9.3: The Limit Deposit Velocity

9.3.1 Analysis

The Limit Deposit Velocity is defined here as the line speed above which is no stationary bed or sliding bed, Thomas (1962). Below the LDV there may be either a stationary or fixed bed or a sliding bed.
For the critical velocity often the Minimum Hydraulic Gradient Velocity (MHGV) is used, Wilson (1942). For higher concentrations this MHGV may be close to the LDV, but for lower concentrations this is certainly not the case. Yagi et al. (1972) reported using the MHGV, making the data points for the lower concentrations too low, which is clear from Figure 9.3-1. Another weak point of the MHGV is, that it depends strongly on the model used for the heterogeneous flow regime. Durand and Condolios (1952), Fuhrboter (1961), Jufin and Lopatin (1966) and others will each give a different MHGV. In dredging the process is instationary, meaning a constantly changing PSD and concentration in long pipelines, making it almost impossible to determine the MHGV.

Wilson (1979) derived a method for determining the transition velocity between the stationary bed and the sliding bed, which is named here the Limit of Stationary Deposit Velocity (LSDV). Since the transition stationary bed versus sliding bed, the LSDV, will always give a smaller velocity value than the moment of full suspension or saltation, the LDV, one should use the LDV, to be sure there is no deposit at all. For small particles it is also possible that the bed is already completely suspended before the bed could ever start sliding (theoretically). In that case an LSDV does not even exist.

This is the reason for choosing the LDV as the critical velocity, independent of the head loss model and always existing Miedema & Ramsdell (2015A).
The Froude number FL is often used for the LDV, because it allows comparison of the LDV for different pipe diameters Dp and relative submerged densities Rsd without having to change the scale of the graph, this is defined as:

$\ \mathrm{F}_{\mathrm{L}}=\frac{\mathrm{v}_{\mathrm{l s}, \mathrm{ld} \mathrm{v}}}{\sqrt{\mathrm{2 \cdot g} \cdot \mathrm{R}_{\mathrm{s d}} \cdot \mathrm{D}_{\mathrm{p}}}}$

It should be noted that sometimes the 2 and sometimes the relative submerged density Rsd are omitted.

Because there are numerous data and equations for the critical velocity (LSDV, LDV or MHGV), some equations based on physics, but most based on curve fitting, a selection is made of the equations and methods from literature. The literature analyzed are from Wilson (1942), Durand and Condolios (1952), Newitt et al. (1955), Jufin and Lopatin (1966), Zandi and Govatos (1967), Charles (1970), Graf et al. (1970), Wilson and Judge (1976), Wasp et al. (1977), Wilson and Judge (1977), Thomas (1979), Oroskar and Turian (1980), Parzonka et al. (1981), Turian et al. (1987), Davies (1987), Schiller and Herbich (1991), Gogus and Kokpinar (1993), Gillies (1993), Berg (1998), Kokpinar and Gogus (2001), Shook et al. (2002), Wasp and Slatter (2004), Sanders et al. (2004), Lahiri (2009), Poloski et al. (2010) and Souza Pinto et al. (2014).

The research consisted of two parts, analyzing the experimental data and analyzing the resulting models based on these data. First the experimental data will be discussed.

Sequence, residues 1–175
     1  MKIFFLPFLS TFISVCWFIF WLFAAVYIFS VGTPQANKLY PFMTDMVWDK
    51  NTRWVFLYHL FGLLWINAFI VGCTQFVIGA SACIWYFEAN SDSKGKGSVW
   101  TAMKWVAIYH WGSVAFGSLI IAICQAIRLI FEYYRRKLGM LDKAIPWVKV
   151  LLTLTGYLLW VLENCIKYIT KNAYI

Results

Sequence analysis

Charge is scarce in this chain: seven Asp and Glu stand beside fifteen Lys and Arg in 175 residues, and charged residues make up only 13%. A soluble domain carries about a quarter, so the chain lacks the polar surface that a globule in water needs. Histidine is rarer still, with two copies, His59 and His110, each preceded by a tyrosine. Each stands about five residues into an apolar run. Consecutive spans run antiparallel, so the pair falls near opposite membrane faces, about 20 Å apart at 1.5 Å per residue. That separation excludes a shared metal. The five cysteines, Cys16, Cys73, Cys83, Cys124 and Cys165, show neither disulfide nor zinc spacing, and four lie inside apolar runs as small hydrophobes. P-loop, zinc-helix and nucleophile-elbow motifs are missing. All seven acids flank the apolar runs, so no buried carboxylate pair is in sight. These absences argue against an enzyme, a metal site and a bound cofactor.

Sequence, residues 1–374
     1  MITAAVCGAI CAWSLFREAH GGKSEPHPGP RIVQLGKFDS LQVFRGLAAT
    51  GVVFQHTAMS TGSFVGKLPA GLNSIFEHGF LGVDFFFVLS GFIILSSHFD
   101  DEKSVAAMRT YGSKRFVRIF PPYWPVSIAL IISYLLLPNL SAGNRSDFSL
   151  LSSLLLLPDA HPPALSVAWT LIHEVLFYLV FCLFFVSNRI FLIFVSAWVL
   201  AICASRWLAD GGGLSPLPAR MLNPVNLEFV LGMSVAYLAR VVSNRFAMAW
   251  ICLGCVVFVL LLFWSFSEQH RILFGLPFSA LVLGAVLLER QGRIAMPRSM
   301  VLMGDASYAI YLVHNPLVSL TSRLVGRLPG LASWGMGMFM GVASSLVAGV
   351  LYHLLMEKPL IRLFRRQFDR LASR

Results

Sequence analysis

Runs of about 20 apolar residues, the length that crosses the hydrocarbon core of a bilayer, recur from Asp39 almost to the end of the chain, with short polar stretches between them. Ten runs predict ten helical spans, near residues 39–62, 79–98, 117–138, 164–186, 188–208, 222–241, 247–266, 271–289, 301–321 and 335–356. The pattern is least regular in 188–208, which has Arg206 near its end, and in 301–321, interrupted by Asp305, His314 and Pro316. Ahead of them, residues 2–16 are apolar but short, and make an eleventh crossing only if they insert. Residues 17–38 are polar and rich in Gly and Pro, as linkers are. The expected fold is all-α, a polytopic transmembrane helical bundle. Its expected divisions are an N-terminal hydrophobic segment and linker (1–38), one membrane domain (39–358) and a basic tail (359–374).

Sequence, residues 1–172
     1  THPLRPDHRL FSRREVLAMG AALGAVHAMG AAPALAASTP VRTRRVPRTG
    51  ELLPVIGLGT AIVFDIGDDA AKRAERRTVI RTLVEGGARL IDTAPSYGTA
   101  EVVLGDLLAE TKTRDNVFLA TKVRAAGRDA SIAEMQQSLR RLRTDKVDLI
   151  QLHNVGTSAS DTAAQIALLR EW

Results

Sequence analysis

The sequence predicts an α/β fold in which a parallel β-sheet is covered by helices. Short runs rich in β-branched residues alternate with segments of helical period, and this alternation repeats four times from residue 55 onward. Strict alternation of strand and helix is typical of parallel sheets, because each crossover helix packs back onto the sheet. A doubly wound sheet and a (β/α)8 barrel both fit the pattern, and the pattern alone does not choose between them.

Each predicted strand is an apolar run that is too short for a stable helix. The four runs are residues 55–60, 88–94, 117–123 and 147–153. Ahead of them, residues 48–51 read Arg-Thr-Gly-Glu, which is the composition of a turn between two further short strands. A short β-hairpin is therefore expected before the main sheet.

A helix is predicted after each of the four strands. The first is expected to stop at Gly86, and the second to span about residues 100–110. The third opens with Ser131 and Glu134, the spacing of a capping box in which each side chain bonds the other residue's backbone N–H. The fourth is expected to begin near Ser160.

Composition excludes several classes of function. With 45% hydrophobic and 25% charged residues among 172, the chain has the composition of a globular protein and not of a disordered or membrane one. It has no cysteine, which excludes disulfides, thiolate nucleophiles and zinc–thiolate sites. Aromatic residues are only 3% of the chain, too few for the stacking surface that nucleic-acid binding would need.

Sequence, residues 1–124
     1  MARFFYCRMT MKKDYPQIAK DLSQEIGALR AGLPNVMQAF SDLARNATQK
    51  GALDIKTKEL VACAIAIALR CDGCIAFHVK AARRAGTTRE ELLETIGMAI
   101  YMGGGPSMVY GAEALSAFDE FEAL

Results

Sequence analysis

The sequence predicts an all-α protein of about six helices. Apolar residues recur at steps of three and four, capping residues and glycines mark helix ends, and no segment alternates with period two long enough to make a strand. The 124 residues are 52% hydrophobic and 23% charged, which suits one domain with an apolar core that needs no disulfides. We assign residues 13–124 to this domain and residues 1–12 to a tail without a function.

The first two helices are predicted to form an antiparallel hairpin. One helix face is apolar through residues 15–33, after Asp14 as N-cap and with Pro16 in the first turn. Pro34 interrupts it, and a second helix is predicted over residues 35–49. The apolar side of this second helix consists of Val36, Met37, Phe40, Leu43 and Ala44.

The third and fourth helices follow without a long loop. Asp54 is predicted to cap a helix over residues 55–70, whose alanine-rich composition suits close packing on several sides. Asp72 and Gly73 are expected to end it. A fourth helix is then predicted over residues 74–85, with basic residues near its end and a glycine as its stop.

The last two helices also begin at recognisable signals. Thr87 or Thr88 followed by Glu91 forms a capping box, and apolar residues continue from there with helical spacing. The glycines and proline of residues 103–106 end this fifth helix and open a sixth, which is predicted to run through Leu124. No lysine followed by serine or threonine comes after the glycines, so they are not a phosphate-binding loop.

Figure 9.3-1 shows many data points of various authors for sand and gravel in water. Each column of data points shows the results of experiments with different volumetric concentrations, where the highest points were at volumetric concentrations of about 15%–20%, higher concentrations gave lower points. The experimental data also shows that smaller pipe diameters, in general, give higher Durand and Condolios (1952) Froude FL numbers. The two curves in the graph are for the Jufin and Lopatin (1966) equation, which is only valid for sand and gravel, and the DHLLDV Framework which is described by Miedema & Ramsdell (2015A).

Both models give a sort of upper limit to the LDV. The data points of the very small particle diameters, Thomas (1979) and Poloski (2010), were carried out in very small to medium diameter pipes, while the two curves are constructed for a 0.1524 (6 inch) pipe, resulting in slightly lower curves. Data points above the DHLLDV curve are in general for pipe diameters smaller than 0.1524 m. Some special attention is given to the relation between the Durand Froude FL number and the pipe diameter Dp. Both Thomas (1979) and Wasp et al. (1977) carried out research with a d = 0.18 mm particle in 6 pipe diameters. These experiments show a slight decrease of the FL value with increasing pipe diameter with a power close to –0.1, meaning the LDV increases with the pipe diameter to a power close to 0.4 and not to 0.5 as assumed by Durand and Condolios (1952).

Figure 9.3-2 to Figure 9.3-11 show the Limit Deposit Velocities of DHLLDV, Durand and Condolios (1952), Jufin and Lopatin (1966), Wasp et al. (1970), Wasp and Slatter (2004), Souza Pinto et al. (2014), Hepy et al. (2008), Gogus and Kokpinar (1993), Kokpinar and Gogus (2001), Berg (1998), Turian et al. (1987) and Gillies (1993) for 10 pipe diameters. The figures also show the LSDV and the transition sliding bed to heterogeneous transport. The intersection between these two curves gives the smallest particle diameter where a sliding bed can exist.
The curves of Hepy et al. (2008), Gogus and Kokpinar (1993) and Kokpinar and Gogus (2001) show a maximum FL value for particles with a diameter near d = 0.5 mm. However these models show an increasing FL value with the pipe diameter, which contradicts the numerous experimental data, showing a slight decrease. The models of Turian et al. (1987) , Wasp et al. (1970), Wasp and Slatter (2004) and Souza Pinto et al. (2014) show an increasing FL value with increasing particle diameter and a slight decrease with the pipe diameter.
Jufin and Lopatin (1966) show an increase with the particle diameter and a slight decrease with the pipe diameter (power –1/6). The model of van den Berg (1998) shows an increasing FL with the particle diameter, but no dependency on the pipe diameter. Durand and Condolios (1952) did not give an equation but a graph. The data points as derived from the original publication in (1952) and from Durand (1953) are shown in the graphs. The data points show a maximum for d = 0.5 mm. They did not report any dependency on the pipe diameter. The model of Gillies (1993) tries to quantify the Durand and Condolios (1952) data points, but does not show any dependency on the pipe diameter for the FL Froude number. The increase of the FL value with the pipe diameter of the Hepy et al. (2008), Gogus and Kokpinar (1993) and Kokpinar and Gogus (2001) models is probably caused by the forced d/Dp relation. With a strong relation with the particle diameter and a weak relation for the pipe diameter, the pipe diameter will follow the particle diameter. Another reason may be the fact that they used pipe diameters up to 0.1524 m (6 inch) and the smaller the pipe diameter the more probable the occurrence of a sliding bed and other limiting conditions, due to the larger hydraulic gradient helping the bed to start sliding.